Marketers Slicing from TV Budgets for Online Video in 2012
Brace yourselves, TV networks.
About two-thirds of marketers say they’ll increase their budgets for online video advertising in 2012, and some of them will be snagging that money from the TV ad budget.
That’s the finding of a study conducted by Break Media, released today. Of course, the big caveat is Break has a huge stake in the online video ad economy since Break Media Network is a large video ad network reaching more than 120 million visitors each month, and also owns Break.com, the popular humor video site. Even so, the study’s findings dovetail with those from marketers and research firms also expecting another robust year for online video ads in 2012.
Specifically, about 32% of advertisers who plan to up their online video ad spend in 2012 will take money from TV budgets, 54% from non-video display budgets, and 38% from organic budget growth, Break found in its survey of more than 300 decision makers at ad agencies and marketers. More than 90% of advertisers plan to use video ad networks in the year ahead and expect to allocate 20% to 41% of total video dollars through ad networks.
Interestingly, marketers may shift away from the cost-per-thousand model that has been the bedrock of TV and video advertising in favor of a cost-per-view model. Break said that model has doubled in use in the past year. The growth in the cost-per-view model likely comes from the increasing use of video ad networks, since that pricing model is most commonly offered by ad networks. Pre-roll is still the most preferred ad format, while mobile will be second, overtaking in-banner in 2012.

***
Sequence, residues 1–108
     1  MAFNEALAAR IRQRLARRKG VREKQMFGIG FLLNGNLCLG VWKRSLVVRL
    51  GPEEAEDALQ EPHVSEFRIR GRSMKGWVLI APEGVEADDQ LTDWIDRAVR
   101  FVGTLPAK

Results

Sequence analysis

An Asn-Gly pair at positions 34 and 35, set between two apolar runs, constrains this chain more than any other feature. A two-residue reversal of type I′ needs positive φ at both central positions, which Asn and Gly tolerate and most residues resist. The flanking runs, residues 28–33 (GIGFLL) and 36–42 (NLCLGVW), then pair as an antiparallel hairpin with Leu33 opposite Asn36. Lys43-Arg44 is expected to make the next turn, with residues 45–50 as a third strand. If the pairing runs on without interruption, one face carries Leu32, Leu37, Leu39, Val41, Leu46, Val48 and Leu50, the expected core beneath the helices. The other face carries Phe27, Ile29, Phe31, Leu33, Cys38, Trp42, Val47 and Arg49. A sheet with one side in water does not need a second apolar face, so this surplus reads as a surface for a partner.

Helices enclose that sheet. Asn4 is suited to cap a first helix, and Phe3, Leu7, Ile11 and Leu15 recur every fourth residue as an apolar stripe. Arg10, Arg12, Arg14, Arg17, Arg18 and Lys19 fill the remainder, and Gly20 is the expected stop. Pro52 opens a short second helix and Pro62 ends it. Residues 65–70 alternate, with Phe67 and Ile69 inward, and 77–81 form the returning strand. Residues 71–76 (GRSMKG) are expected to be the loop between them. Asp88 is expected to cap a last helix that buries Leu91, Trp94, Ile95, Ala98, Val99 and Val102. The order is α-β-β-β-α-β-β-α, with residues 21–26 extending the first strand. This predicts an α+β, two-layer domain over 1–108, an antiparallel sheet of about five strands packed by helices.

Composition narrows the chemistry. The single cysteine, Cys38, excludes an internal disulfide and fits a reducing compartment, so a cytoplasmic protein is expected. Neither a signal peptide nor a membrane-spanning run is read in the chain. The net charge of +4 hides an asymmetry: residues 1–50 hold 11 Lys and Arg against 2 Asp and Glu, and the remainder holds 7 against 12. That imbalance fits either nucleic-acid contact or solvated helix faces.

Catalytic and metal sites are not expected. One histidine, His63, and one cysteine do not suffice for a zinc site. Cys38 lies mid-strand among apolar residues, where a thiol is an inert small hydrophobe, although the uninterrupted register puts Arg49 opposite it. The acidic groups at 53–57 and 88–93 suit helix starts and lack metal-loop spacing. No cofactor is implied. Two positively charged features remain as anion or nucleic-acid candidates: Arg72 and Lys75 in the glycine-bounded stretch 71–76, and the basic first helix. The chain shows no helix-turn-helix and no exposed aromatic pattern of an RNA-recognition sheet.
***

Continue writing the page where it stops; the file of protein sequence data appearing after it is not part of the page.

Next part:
The expectations for 2012 stem in part from how video performed this year. Many advertisers plowed more money than originally planned into video this year. About 57% said they spent what they planned, 14% spent less and 29% spent more than they expected to in online video.
But online video will face obstacles in 2012, including difficulty measuring ROI and a lack of standard metrics. The ROI issue has been cited in many studies this year as a major hurdle, including most recently by Casale Media.